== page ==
“This Is Your 2 AM Shake-Up Call”

(NOTE: This morning we had a mini-earthquake here in LA. I thought this was a good opportunity to post a story I wrote a few months ago after a bigger earthquake we had in the middle of the night.)


I was in the middle of my recurring dream, the one where Hitler takes my bicycle and won’t give it back. I was up to the part where I punch him in the face so hard that his mustache comes off on my knuckles. That’s when I was unexpectedly awakened by a god-awful rumbling and my wife yelling “Earthquake, Earthquake!”

I hadn’t heard her that upset since Halloween when she wanted to go to a party as Lady Godiva but couldn’t find the right costume. I sat up and said, “What’s the matter?” now realizing that question was superfluous since the bed, the room, and the house were shaking like a wet dog drying itself off.

“Don’t you feel that?” she said. (Normally, when I’m in bed with my wife, I’m the one trying to make the Earth move, not the other way around.)

Was this THE BIG ONE?  My cat-like reflexes sprang into action.  I immediately coughed up a fur ball and curled up in an open dresser drawer until the shaking stopped.

When it did, I grabbed my phone. At times like this, I’d typically go on Twitter, but I had deleted the app after Elon Musk brazenly tweeted that he could “Name That Tune” before they even played any musical notes. The man has no shame.

I scrolled to the LA Times. No quake news yet. Just headlines about a recent mass shooting at an NRA Convention and editorials about why there need to be more of those.

My wife clicked the TV to the news channel where we saw the “Hysterical Hilda Malone,” our local earthquake expert who claims that every LA quake is THE BIG ONE. She often gives her seismology report from under a table wearing a hardhat and clutching a makeshift tombstone.

This time, she was calmly standing in a doorway saying that it was the safest place to be in an earthquake. Eventually, I realized that the doorway was actually attached to her shoulders, and it moved with her around the studio.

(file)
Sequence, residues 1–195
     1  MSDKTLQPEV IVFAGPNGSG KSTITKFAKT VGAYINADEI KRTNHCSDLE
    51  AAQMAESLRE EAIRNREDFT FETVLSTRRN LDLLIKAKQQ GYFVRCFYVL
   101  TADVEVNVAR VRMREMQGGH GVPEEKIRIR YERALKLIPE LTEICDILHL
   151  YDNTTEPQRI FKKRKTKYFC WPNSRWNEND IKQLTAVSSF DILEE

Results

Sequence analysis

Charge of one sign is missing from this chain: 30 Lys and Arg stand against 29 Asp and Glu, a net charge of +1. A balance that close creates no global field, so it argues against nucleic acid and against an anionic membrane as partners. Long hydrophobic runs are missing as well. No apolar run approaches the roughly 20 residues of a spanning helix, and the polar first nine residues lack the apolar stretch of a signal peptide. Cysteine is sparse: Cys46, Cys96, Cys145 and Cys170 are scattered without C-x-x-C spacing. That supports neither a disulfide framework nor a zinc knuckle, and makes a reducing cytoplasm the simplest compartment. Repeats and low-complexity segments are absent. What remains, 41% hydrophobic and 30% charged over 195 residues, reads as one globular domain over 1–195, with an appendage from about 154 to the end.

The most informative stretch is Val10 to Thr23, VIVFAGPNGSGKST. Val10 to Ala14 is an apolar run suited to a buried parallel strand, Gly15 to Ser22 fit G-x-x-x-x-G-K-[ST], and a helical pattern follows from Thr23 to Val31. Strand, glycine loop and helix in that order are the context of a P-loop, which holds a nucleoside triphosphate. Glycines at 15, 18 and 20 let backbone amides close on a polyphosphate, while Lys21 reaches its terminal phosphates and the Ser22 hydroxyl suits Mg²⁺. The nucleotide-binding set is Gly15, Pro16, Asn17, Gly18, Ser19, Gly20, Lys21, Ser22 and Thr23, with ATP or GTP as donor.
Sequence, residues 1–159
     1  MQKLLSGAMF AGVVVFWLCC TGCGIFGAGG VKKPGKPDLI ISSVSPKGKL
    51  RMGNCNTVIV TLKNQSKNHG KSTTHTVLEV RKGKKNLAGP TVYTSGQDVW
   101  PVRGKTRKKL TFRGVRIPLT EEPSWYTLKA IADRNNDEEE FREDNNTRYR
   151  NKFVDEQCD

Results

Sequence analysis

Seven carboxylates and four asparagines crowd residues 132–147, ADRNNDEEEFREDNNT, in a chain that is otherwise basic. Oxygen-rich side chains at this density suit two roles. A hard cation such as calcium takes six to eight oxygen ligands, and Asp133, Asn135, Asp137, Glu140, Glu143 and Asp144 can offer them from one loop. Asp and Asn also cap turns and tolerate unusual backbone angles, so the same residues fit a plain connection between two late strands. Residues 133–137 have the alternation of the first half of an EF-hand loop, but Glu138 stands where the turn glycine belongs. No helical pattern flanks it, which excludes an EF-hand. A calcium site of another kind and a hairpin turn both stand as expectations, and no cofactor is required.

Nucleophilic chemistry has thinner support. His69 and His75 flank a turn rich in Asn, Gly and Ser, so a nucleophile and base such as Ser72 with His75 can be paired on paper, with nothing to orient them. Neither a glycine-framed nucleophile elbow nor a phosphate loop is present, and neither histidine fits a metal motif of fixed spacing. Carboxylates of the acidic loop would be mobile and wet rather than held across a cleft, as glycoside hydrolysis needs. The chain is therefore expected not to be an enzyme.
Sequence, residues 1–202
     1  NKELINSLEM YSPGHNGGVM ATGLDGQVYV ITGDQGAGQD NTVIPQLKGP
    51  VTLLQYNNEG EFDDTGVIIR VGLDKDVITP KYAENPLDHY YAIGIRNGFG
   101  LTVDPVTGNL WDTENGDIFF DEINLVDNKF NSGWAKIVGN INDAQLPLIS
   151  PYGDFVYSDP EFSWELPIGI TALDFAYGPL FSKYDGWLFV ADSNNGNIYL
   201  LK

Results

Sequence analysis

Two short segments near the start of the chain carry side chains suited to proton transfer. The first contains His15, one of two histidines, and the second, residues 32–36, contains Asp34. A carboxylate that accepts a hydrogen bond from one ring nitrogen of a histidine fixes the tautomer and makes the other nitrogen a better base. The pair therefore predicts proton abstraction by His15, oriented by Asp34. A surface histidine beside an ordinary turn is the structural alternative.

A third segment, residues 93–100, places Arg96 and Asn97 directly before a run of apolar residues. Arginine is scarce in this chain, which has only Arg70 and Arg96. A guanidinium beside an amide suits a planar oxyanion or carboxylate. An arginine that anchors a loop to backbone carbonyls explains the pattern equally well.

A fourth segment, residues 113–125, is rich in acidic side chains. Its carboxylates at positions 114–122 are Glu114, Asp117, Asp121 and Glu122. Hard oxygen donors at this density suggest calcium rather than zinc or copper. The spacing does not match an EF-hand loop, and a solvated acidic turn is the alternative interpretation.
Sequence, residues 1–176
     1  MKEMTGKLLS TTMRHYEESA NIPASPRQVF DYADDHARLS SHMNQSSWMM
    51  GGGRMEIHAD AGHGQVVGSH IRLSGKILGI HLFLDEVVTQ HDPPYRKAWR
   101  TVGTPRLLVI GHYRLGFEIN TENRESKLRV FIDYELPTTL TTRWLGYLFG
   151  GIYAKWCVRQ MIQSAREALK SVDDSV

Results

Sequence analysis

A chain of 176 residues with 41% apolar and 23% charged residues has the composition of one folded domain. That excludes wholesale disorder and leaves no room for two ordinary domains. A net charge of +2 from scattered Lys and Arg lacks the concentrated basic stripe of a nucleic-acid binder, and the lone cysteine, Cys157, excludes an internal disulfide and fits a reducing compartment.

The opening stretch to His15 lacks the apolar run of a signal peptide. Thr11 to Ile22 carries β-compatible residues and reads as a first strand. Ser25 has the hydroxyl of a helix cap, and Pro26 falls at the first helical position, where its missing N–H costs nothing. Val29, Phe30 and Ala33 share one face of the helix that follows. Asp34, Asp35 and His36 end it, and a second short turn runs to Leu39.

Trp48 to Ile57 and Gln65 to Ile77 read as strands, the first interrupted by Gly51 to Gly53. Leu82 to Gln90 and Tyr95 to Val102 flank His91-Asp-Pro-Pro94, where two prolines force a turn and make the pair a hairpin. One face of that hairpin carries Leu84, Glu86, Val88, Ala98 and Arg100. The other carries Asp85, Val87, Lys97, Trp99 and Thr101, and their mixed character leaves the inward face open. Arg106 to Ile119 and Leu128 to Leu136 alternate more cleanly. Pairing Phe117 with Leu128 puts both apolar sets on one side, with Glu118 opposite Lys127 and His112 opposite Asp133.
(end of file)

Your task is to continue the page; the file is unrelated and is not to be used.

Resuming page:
Hysterical Hilda said the quake happened at 2:03 am and was 4.2 magnitude on the Richter Scale. No damage has been reported, although she casually mentioned that a quake that size was strong enough to tumble down the walls of Jericho, if the walls had been built by an unlicensed contractor without permits or rebar.  

To me, 4.2 is a good number for a college grade point average but rather “meh” for a California earthquake. It’s basically the equivalent of getting a hearty handshake from Jason Momoa. I’ve been through worse.

Like the one in 1996, which hit Grauman’s Chinese theater in Hollywood during the premier of “The English Patient” and woke everyone up.

And the one in 2003 that caused tiny fissures in the Sepulveda Dam and giant cracks in Cher’s face work.

As I lay in bed riding out aftershocks like waves in Malibu, I googled the name “Richter” to see why he was Mr. Earthquake. Interesting side note: he was a naturist and he and his wife frequented nudist camps (true). I imagined him being at one such camp when an earthquake hit and him running around giddily measuring all the jiggling body parts with calipers.

Continuing to doom scroll, I stumbled upon something that noted psychotherapist Jung N.D. Restless once said: “Earthquakes are caused by faults in the earth. But everyone has faults and we shouldn’t blame Earth for having them too because it could give Earth an inferiority complex and lower its self-esteem.”

He said, “It’s bad enough that all the other planets are named after Roman gods while Earth is named after something you stick dead bodies in and get under your fingernails.”

Jung insisted Earth would feel better about itself and have fewer natural disasters if we simply gave it a trophy that said “World’s Best Planet.”

Before I fell back asleep, my wife said that we needed to have our Earthquake Preparedness Kit ready. I assured her we did and grabbed it from under the bed. It contained our wills, the phone number of the Neptune Society, and two cyanide capsules. What more do we need when THE BIG ONE finally hits?

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2 thoughts on ““This Is Your 2 AM Shake-Up Call””

  1. Here in northern Indiana a 4.0 would take my whole town down. But on the other hand, California doesn’t see a lot of tornadoes–and until recently the snowstorms there didn’t seem too bad.

    1. We’re fortunate when it comes to tornadoes although CA does get a few. We’re plagued more by fires which to me are worse than earthquakes

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